University mail centers, no matter the size of their student and staff populations, have entered a new era of mail. Today’s students and staff are modern shoppers, and like the rest of us, are buying more online—a lot more. For example, back in 2008 one mid-sized university processed 80,000 packages; in 2016, they received over 195,000!1 But don’t rush to do the math on your own mail center yet —the number of packages per student is expected to increase.
Printing is and always will be a form of manufacturing, but the days when printers could think of themselves strictly as manufacturers are long gone. Today, print shops increasingly find themselves cast in the role of creative advisors to customers whose quest for competitive differentiation and heightened brand awareness is never-ending.
There’s one compelling question that many in-plants consistently struggle to answer: How can my department thrive–and even grow–in the face of a changing media landscape and the threat of outsourcing?
In-house printing operations report making moves to better serve parent organizations, address competitive challenges, pursue new opportunities, and expand services.
Have you recently found yourself in the unenviable position of losing business to a competitor who offers an advantage in some aspect of his or her print production operation? If you said, “yes,” the bad news is that you’re not alone. The good news is that there is something you can do about it.
Increasing print sales is a balancing act of offering the right product mix, understanding what customers value, and meeting client requirements and expectations. This report offers insights on print demand trends, the value of print, and print customers’ expectations from the perspective of commercial printers and communication buyers and influencers
Today’s print buyers have many communication options beyond print to reach and engage with customers and prospects. Email, social media, video, and mobile all present marketers and brand owners with a wide variety of media channels. Despite an increase in communication options, print continues to play a fundamental role in supporting organizations in customer outreach and mission-critical business activities.
In any business, stagnancy is the enemy of progress. In the printing industry, those best positioned for success are the commercial printers committed to continually evolving and innovating their operations.
This report offers insights into how commercial printers are adapting to a changing market, ways they’re enhancing customer value, and methods for strengthening customer relationships.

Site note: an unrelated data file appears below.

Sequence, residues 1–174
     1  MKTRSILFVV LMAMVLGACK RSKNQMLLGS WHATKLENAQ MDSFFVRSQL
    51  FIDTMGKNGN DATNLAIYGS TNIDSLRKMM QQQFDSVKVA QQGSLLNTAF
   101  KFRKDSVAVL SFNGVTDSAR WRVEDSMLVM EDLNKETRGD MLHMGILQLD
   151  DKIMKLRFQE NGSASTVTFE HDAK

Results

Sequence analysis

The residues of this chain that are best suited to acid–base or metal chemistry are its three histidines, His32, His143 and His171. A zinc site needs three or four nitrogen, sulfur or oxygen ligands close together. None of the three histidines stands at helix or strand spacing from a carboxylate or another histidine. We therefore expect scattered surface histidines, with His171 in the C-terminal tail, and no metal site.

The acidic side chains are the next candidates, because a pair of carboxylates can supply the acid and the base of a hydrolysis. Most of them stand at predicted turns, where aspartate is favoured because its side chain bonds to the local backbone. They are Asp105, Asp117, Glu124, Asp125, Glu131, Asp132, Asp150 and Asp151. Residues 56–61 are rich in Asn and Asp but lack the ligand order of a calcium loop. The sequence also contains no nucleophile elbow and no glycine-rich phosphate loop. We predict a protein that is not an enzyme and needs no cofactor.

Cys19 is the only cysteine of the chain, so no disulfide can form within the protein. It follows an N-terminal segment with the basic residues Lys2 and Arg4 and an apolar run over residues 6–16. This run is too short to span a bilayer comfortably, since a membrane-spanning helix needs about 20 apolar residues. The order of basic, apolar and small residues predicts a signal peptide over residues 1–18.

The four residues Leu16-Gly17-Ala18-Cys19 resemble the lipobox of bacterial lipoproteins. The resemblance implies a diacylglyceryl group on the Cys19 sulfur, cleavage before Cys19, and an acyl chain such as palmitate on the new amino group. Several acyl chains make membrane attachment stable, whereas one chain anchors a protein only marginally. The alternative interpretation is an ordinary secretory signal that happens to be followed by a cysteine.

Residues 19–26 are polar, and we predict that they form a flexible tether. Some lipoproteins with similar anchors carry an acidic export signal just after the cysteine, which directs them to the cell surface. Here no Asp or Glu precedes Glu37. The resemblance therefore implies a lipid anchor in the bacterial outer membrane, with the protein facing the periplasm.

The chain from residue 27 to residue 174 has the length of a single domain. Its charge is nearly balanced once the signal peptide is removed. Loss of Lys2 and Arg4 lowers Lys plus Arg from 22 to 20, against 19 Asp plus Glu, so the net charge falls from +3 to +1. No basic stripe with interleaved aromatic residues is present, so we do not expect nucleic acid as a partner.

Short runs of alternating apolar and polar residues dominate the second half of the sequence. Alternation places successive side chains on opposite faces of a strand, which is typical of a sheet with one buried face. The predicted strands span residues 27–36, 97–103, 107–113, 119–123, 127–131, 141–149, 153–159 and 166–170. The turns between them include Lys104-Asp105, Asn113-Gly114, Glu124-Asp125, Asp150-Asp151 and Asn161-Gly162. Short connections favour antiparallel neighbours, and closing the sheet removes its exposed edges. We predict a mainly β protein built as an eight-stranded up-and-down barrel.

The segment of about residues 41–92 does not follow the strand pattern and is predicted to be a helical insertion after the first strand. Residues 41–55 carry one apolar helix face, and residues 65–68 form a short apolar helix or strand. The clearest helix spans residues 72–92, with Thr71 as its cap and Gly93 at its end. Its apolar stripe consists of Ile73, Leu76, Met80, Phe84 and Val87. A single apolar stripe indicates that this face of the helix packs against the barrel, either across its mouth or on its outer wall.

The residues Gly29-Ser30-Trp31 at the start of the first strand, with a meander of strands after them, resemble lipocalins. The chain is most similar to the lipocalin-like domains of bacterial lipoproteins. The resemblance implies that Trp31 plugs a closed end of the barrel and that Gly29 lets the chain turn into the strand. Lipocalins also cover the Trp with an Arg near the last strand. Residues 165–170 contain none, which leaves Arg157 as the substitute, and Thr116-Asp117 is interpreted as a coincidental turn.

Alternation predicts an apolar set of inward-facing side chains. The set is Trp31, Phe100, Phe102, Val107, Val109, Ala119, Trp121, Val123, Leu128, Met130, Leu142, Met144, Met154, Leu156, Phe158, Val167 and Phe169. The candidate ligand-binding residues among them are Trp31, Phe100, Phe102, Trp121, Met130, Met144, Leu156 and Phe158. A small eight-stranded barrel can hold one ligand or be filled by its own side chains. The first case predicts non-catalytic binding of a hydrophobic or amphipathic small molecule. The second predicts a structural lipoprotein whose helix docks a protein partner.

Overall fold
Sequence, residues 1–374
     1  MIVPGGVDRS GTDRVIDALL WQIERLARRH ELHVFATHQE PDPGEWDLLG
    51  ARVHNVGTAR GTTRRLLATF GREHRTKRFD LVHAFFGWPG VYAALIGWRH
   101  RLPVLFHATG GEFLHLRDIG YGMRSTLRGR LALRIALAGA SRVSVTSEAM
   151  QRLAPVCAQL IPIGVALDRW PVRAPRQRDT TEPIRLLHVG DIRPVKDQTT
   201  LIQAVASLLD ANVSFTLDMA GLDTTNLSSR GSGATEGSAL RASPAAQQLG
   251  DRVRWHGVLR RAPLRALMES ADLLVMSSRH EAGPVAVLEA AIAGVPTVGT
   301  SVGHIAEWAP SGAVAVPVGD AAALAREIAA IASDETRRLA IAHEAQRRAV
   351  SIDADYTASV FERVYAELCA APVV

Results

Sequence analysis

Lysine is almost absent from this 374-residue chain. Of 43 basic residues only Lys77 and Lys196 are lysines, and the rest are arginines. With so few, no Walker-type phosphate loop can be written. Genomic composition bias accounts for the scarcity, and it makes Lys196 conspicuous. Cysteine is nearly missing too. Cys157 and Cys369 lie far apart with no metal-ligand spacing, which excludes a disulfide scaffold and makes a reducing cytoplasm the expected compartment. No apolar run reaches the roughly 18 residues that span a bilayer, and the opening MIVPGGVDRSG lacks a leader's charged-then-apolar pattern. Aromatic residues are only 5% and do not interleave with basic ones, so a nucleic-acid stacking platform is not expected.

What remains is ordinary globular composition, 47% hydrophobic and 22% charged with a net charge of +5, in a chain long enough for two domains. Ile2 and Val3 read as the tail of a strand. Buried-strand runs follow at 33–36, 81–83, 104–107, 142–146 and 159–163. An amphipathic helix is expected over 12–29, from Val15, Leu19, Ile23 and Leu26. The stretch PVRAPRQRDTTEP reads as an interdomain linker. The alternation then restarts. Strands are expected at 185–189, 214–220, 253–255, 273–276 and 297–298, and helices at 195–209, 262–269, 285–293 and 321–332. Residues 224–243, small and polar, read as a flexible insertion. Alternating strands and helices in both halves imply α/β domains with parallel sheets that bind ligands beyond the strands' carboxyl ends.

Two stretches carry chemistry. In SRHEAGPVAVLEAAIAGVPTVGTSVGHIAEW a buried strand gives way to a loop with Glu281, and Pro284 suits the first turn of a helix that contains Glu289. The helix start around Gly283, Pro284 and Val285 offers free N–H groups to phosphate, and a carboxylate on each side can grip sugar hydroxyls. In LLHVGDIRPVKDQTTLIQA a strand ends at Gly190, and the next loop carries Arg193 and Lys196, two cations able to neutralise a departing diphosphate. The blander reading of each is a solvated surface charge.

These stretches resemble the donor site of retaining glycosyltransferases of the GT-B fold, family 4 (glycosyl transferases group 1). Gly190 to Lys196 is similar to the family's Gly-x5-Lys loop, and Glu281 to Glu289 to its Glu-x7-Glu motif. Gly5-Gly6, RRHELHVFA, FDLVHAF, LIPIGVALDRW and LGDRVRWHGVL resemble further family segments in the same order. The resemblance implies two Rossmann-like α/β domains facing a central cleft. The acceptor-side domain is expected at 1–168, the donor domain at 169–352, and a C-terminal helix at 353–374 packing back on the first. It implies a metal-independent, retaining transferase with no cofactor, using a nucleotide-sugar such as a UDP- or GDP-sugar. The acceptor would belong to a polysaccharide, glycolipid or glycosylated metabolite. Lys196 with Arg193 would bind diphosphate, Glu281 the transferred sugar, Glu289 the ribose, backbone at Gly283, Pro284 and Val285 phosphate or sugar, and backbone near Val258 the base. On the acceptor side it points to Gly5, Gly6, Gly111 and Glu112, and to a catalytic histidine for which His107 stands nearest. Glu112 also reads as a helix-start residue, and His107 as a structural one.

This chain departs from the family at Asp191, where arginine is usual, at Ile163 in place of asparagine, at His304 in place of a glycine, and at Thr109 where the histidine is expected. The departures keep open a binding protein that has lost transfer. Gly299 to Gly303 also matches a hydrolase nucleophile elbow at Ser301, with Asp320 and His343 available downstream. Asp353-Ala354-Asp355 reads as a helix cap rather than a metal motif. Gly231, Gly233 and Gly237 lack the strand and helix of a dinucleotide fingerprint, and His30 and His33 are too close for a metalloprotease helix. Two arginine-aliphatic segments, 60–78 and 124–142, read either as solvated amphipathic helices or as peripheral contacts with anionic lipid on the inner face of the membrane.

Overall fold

This year offers great growth potential for print providers; however, even as the effects of the COVID-19 pandemic wane, there are still obstacles to overcome. As commercial printers and in-plants are getting back to business, they’re re-evaluating all and doing what’s needed to invest in operations, develop staff, and support sustained growth and long-term success.
With the demise of many one-color printed pieces, many have concluded that monochrome printing no longer has any revenue potential for a printer. However, on the contrary, monochrome print is still an excellent method to communicate with end users. A savvy digital monochrome press owner can drive new profitable revenue streams with creative business innovation and good ideas. People are returning to print to get around the slow and cumbersome process of many online apps, plus the annoyance of finding a safe and secure online portal. Innovative graphic media organizations can leverage this situation with a profitable path forward. This white paper aims to explore and identify ideas for selling sheetfed monochrome projects.
The production workflow software today is focused on the production areas responsible for estimating, order entry, customer service, scheduling, prepress, and billing. The three workflow software categories include: web-to-print, Print MIS (Management Information System) and PDF workflow software. While these products have overcome bottlenecks and pain points in those areas, the lack of interoperability often results in islands of automation.